2. Claiming that someone rose physically from the dead necessitates that their tomb is empty, and in fact an empty tomb is a necessary element to even the most basic resurrection claim
    3. The "empty tomb" is therefore not additional evidence on top of the eyewitness testimony
    4. There is no documented claim anywhere - not in the Bible, or in noncanonized texts, or in Christian tradition, or even in secular history - which makes the actual claim that the disciples were given the chance to go free if only they recanted
    5. The 500 witnesses mentioned by Paul are not given by name, nor is their existence proposed by anyone else
    6. The eyewitness testimonies of the disciples are given to us second-hand, since neither Matthew nor John actually wrote their gospels, and furthermore these second-hand testimonies are first documented at least a decade later
    7. Of the disciples that were arrested and tried publicly, nothing at all is actually known about the circumstances of their arrest or trial; combined with point 4., there is no actual reason to claim that they willfully died for their faith
    8. In conclusion, the "Why die for a lie?" argument and the "Transformation of the disciples" argument do not withstand scrutiny; due to the lack of known facts, we are unable to either verify or falsify the claims
    9. The only fact, therefore, that supports the resurrection claim is given in 6.

    I have read More than a Carpenter. It was generally convincing to me because I was Christian at the time. I don't care to read it again, but if you provide me with some of the stronger arguments from it then I'll indulge you.

    I skimmed those PDFs and saw no actual attempt at proving anything. It was first a bunch of scholars who were former skeptics, then some claims about Jesus' post-mortem appearances (these were particularly worthless because I would have to be an idiot if I rejected the resurrection despite having these appearances as evidence; the matter of fact is that these appearances are the very point in question, and yet they are listed almost in the beginning as if they are evidence - is this an attempt at deception?), followed by some of the weakest skeptical responses available. If I missed something of substance, let me know.


    It sounds as if you are saying that you accept Christianity because you reject evolution and the Big Bang. I'd be happy to explain to you on another thread or in private why these things are overwhelmingly true. Regardless, your skepticism on these matters is not appropriate grounds for accepting Christianity.

    You are missing the point. I'm asking for eyewitnesses who were given the chance to recant. No eyewitness of Jesus lived until the beginning of Trajan's reign, let alone the third century.

    The very first thing I said was:

    Moving on...

    To say that the burden of proof is on me is to say that if I fail to meet this burden, then your claim stands as true. But your claim has no evidence to back it up (and neither does mine, by the way), so essentially you're saying that you can make up a claim with no evidence whatsoever and it's true unless proven otherwise.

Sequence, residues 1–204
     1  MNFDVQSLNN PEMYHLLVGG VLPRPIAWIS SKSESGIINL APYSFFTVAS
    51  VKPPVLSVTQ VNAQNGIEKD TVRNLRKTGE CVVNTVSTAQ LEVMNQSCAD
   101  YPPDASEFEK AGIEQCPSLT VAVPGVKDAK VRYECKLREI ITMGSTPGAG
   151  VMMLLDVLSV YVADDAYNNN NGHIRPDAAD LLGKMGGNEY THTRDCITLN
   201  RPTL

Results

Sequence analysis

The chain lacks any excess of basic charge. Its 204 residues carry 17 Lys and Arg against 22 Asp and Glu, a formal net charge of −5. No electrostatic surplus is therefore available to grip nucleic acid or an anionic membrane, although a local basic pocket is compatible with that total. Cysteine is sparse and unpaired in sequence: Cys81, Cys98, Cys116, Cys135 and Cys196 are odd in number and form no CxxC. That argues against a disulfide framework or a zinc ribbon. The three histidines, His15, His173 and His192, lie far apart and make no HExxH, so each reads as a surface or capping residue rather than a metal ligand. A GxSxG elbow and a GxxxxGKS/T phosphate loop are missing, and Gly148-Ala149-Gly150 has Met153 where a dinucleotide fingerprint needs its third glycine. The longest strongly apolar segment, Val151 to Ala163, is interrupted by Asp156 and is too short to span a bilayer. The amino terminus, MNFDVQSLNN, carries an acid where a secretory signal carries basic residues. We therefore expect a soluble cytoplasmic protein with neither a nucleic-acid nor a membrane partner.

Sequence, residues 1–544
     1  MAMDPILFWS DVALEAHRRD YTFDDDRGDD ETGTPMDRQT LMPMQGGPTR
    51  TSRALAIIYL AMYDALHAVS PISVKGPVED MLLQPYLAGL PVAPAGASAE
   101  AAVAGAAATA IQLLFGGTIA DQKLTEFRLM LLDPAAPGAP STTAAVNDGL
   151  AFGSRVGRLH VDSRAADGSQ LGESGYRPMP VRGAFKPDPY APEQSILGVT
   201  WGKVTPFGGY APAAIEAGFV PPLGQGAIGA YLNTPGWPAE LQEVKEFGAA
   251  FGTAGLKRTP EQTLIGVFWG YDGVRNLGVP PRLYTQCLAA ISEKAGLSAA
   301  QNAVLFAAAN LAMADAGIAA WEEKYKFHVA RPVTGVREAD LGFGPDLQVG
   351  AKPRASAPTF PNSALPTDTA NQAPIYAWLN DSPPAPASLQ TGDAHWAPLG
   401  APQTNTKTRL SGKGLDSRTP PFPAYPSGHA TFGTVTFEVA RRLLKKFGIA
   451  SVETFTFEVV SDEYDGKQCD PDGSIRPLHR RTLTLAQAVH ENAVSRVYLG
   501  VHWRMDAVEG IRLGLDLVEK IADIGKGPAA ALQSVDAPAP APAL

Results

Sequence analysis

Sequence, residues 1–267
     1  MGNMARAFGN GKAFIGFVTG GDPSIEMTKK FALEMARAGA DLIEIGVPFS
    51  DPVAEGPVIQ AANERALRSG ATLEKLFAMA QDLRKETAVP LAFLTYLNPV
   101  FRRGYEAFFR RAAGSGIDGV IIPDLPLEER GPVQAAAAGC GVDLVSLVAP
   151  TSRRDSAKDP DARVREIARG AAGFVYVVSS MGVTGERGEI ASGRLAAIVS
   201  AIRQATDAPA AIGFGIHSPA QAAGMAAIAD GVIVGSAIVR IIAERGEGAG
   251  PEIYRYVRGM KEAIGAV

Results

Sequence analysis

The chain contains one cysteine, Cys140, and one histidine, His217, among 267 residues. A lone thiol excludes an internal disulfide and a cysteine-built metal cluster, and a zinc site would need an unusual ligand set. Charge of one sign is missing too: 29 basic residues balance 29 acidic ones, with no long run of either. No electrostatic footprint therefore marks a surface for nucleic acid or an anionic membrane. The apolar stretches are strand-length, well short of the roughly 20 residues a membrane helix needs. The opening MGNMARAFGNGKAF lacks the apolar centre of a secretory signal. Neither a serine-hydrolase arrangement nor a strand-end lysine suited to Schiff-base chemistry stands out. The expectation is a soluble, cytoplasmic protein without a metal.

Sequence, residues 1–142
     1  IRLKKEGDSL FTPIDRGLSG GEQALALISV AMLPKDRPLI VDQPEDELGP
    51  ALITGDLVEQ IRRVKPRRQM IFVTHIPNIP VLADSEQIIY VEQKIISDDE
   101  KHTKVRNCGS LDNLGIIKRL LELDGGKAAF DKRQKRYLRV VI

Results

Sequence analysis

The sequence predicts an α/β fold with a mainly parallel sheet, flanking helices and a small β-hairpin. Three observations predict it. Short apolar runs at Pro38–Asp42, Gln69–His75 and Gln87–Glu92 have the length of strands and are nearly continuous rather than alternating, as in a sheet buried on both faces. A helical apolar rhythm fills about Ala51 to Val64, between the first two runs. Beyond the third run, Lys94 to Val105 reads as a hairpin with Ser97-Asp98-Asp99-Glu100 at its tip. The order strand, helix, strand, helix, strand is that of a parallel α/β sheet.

Or you let him write and simply read the letters without delivering them.

    Again, I don't care about what happened to Stephen. He is not an eyewitness because what he saw was not visible to other people at the same event. Read my first paragraph in the OP.

    Fact: we don't know the circumstances of their deaths. We don't have details on why they were arrested or executed.

    It's your own conjecture. Your response here is to my quote:

    But the above is simply my response to your original quote:

    There is no mention of the disciples being asked to recant in the first encounter, so why do you think they would be tortured into recanting during the second encounter?


    So essentially you're saying you will believe in something until it is proven wrong. The flat earthers had a good run with that form of logic.

    The fact is that there are so few details that I'm unable to verify my case and you're unable to verify yours. I even led with the fact that there are virtually no details of Peter's execution. Christians love to say, "From nothing, nothing comes." Well, you have nothing in regards to details, so you cannot extrapolate an actual case for anything.
     
  16. juvenissun

    juvenissun ... and God saw that it was good.

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    So, what kind of proof you are asking in the OP? Math proof or logic proof?
     
  17. bhsmte

    bhsmte Newbie

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    If you have a Phd in geology as you claim, you certainly should know science doesn't deal in proof.
     
  18. juvenissun

    juvenissun ... and God saw that it was good.

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    Wrong attitude. Science is trying hard to prove. For example, we can try to prove there is a force called gravity force. And we are trying very hard to prove that soul does exist.
     
  19. Nihilist Virus

    Nihilist Virus Infectious idea

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    It doesn't make sense to me that either would be applicable in this case at all, but you said you have a logical proof for the resurrection so I'd like to see that.

    What I was asking for was a strong historical argument demonstrating that Jesus very likely rose from the dead.
     
  20. bhsmte

    bhsmte Newbie

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    My point stands.

    In fact, you just reinforced it.